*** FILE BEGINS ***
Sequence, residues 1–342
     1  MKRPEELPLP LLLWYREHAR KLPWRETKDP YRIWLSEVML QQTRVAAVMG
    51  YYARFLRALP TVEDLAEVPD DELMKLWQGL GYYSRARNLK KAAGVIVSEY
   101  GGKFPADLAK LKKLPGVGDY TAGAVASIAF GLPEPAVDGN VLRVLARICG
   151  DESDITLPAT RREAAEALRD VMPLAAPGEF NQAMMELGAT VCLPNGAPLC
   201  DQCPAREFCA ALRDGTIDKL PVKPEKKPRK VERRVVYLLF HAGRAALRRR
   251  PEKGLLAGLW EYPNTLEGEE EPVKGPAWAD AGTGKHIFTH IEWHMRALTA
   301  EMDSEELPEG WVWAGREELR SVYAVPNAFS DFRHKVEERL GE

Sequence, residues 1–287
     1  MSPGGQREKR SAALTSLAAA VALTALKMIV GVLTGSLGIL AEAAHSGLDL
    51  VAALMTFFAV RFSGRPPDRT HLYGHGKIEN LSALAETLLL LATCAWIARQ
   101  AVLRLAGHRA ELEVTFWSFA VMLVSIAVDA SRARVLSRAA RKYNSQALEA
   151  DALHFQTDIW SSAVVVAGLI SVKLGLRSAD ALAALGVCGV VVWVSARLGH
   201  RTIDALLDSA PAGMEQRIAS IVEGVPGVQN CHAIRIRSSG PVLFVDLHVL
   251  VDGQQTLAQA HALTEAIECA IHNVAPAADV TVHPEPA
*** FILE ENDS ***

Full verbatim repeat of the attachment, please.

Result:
Sequence, residues 1–342
     1  MKRPEELPLP LLLWYREHAR KLPWRETKDP YRIWLSEVML QQTRVAAVMG
    51  YYARFLRALP TVEDLAEVPD DELMKLWQGL GYYSRARNLK KAAGVIVSEY
   101  GGKFPADLAK LKKLPGVGDY TAGAVASIAF GLPEPAVDGN VLRVLARICG
   151  DESDITLPAT RREAAEALRD VMPLAAPGEF NQAMMELGAT VCLPNGAPLC
   201  DQCPAREFCA ALRDGTIDKL PVKPEKKPRK VERRVVYLLF HAGRAALRRR
   251  PEKGLLAGLW EYPNTLEGEE EPVKGPAWAD AGTGKHIFTH IEWHMRALTA
   301  EMDSEELPEG WVWAGREELR SVYAVPNAFS DFRHKVEERL GE

Sequence, residues 1–287
     1  MSPGGQREKR SAALTSLAAA VALTALKMIV GVLTGSLGIL AEAAHSGLDL
    51  VAALMTFFAV RFSGRPPDRT HLYGHGKIEN LSALAETLLL LATCAWIARQ
   101  AVLRLAGHRA ELEVTFWSFA VMLVSIAVDA SRARVLSRAA RKYNSQALEA
   151  DALHFQTDIW SSAVVVAGLI SVKLGLRSAD ALAALGVCGV VVWVSARLGH
   201  RTIDALLDSA PAGMEQRIAS IVEGVPGVQN CHAIRIRSSG PVLFVDLHVL
   251  VDGQQTLAQA HALTEAIECA IHNVAPAADV TVHPEPA